Tuesday, April 29, 2008

Jason Powell on Classic X-Men #25, part a (UXM #119)

[This post is part of a series of posts written by Jason Powell looking issue by issue at Claremont's X-Men. For more in this series click Jason's name in the toolbar on the right.]

“Twas the Night Before Christmas”

This issue concludes the two-part battle between the X-Men and an entirely forgettable villain called Moses Magnum. It begins with a sequence of the X-Men invading Magnum’s secret headquarters that, while exciting, doesn’t make much sense. To wit: Cyclops, Sunfire, Wolverine and Colossus are tunneling underneath the ocean, waiting for Nightcrawler to teleport inside the complex and activate a tracer that will tell Cyclops and Sunfire where they should burrow up. Without Kurt’s signal, they might miss the mark and “punch through to the ocean instead of Magnum’s base.” But when Nightcrawler activates the homer, Cyclops and Sunfire seem to immediately start firing upward. Did they coincidentally just happen to be that close to Nightcrawler when they received the signal?

It isn’t the finest action story in the Byrne/Claremont run, unfortunately. Moses is touted as being a powerful opponent, but he doesn’t fight the X-Men for long before he turns tail and run. Granted, it’s because he wants to go activate a machine that will destroy Japan, but still – if he’s so tough, why not take care of the X-Men first, then proceed to Japan’s destruction?

Instead, we get a retread of the Savage Land arc’s climax, with a single X-Man pitting his power against the villain and his destructive machinery. Last time, this meant Cyclops pitting his eye-beams against a “god,” and was appropriately exciting. This time, it is Banshee’s scream (visually a much less impressive power) doing the work, and the force he’s battling is described as “some kind of energy beam,” which as a turn of phrase is lacking a certain apocalyptic foreboding. The only twist is in the after-effects: Like Cyclops, Banshee won the fight; unlike Cyclops, he may have burned out his power doing it. Over the next few issues, we’ll learn that Claremont is making this change stick: Banshee remains powerless for months and then eventually quits the team, which is a surprising way to go. But we don’t know yet that where Claremont is heading, so at the moment the wrinkle feels somehow less than satisfying.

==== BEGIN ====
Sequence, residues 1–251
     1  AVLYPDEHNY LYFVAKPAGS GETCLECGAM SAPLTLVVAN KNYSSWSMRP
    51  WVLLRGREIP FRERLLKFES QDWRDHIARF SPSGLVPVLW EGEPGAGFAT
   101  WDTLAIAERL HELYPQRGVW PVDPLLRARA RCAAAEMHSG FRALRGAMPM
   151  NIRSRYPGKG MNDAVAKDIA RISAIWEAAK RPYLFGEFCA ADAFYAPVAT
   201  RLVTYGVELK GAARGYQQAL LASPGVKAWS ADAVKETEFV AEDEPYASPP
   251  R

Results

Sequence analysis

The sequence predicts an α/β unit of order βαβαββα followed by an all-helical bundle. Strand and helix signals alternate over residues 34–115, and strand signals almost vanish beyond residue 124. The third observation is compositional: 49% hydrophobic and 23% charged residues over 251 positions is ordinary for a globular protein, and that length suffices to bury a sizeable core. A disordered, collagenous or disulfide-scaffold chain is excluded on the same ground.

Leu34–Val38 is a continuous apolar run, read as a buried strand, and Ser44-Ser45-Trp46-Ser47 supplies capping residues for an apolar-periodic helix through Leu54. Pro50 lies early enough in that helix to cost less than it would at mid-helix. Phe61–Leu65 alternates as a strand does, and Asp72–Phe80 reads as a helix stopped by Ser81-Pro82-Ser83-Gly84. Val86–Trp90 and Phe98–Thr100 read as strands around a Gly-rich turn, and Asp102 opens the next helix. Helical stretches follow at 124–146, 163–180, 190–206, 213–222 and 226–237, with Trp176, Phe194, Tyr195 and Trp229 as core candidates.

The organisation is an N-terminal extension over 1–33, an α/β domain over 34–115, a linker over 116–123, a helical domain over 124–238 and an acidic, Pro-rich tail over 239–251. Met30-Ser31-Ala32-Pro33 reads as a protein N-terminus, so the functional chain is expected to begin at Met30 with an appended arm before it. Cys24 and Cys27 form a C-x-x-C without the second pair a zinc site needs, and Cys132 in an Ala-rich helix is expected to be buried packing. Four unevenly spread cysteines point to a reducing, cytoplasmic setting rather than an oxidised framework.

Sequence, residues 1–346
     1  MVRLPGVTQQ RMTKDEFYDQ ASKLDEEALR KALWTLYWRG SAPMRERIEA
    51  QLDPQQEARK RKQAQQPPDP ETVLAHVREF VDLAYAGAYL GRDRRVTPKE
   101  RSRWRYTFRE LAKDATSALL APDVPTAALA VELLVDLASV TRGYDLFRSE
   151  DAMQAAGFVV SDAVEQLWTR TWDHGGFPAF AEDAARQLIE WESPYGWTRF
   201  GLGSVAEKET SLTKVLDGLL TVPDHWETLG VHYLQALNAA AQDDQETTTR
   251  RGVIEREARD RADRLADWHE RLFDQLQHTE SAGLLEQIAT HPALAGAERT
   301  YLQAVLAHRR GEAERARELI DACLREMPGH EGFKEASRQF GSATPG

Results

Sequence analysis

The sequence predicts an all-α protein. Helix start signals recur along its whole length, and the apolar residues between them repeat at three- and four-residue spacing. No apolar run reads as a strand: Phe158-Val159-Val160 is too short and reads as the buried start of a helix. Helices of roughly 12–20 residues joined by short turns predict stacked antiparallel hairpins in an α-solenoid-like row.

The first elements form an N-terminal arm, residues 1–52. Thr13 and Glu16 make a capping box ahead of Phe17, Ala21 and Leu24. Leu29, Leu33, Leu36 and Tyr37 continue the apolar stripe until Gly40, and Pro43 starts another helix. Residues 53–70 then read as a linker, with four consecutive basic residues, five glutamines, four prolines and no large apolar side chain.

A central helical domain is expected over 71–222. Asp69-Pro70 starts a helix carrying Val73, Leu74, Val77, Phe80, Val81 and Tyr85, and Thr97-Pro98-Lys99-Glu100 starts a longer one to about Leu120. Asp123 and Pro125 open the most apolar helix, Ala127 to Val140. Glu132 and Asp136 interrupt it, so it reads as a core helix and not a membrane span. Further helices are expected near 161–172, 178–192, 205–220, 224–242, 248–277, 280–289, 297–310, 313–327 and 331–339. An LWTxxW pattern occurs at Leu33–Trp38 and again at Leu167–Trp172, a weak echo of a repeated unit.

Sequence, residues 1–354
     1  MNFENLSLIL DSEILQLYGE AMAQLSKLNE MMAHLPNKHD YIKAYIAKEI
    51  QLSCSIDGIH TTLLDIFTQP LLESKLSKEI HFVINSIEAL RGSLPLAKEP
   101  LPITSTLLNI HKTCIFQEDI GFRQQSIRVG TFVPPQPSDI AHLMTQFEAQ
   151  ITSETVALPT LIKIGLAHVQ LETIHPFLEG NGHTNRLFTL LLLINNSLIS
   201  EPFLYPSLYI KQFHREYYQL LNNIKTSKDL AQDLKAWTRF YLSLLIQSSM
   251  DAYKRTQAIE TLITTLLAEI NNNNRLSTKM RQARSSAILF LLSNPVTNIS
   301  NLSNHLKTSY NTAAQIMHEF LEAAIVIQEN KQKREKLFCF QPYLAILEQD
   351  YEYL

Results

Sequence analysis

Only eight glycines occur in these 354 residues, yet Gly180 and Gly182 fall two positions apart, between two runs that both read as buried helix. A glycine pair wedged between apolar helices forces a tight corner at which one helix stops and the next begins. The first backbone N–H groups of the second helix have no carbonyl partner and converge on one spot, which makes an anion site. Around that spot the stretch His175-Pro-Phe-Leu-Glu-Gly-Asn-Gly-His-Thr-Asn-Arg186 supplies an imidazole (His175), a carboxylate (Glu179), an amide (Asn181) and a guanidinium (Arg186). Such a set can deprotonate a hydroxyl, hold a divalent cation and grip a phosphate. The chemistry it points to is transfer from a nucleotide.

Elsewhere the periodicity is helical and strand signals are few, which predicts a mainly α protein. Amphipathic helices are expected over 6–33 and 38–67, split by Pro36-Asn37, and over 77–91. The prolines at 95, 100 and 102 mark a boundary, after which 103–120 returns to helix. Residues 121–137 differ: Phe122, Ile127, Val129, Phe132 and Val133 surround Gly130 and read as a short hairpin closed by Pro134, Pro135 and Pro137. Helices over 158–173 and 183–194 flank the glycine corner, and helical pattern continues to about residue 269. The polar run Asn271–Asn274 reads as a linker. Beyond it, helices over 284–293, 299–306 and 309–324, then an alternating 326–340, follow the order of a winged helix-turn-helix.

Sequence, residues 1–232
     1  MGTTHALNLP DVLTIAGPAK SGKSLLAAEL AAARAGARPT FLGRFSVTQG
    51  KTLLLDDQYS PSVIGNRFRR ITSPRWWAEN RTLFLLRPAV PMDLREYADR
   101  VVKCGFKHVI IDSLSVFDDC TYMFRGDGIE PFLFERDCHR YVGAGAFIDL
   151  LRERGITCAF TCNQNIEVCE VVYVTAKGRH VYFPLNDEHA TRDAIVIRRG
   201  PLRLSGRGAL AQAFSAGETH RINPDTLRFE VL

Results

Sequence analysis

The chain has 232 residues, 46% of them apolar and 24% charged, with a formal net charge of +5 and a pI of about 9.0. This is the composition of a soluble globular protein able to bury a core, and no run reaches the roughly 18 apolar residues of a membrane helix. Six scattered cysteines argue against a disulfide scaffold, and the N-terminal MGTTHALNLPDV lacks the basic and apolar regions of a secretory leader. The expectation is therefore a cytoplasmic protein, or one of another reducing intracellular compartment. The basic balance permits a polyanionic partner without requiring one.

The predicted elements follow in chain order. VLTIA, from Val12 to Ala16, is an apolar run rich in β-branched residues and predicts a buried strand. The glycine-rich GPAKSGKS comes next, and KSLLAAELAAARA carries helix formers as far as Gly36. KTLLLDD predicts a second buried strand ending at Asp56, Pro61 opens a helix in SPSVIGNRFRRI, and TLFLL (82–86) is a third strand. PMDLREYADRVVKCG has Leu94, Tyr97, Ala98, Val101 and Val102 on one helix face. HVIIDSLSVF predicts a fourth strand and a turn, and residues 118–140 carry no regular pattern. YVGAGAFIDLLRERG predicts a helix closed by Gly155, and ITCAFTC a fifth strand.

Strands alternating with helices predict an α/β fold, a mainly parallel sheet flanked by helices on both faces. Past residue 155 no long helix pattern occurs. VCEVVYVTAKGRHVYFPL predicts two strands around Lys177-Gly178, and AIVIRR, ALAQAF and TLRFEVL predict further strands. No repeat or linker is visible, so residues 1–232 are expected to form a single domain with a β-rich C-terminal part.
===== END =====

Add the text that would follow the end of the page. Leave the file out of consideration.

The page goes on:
With the story over after only 13 pages, Claremont and Byrne devote the entire final quarter of the comic to an epilogue, containing nice character moments that are more engaging than the ostensibly action-packed section that preceded them. During a Christmas party, we see Wolverine approach Mariko, with Storm noting to herself, “I have never seen Wolverine sound or act so ... gentle. It is a pleasant change.” Colossus, meanwhile, points out a significant difference between him and the rest of the team: “I have a family,” he says. “I think I am the only X-Man with a real home, with ... roots, and tonight of all nights ... I miss them.” Once again, Claremont is exploring different dimensions of his cast, surprising the reader (and possibly himself) with the character moments that come from what he finds.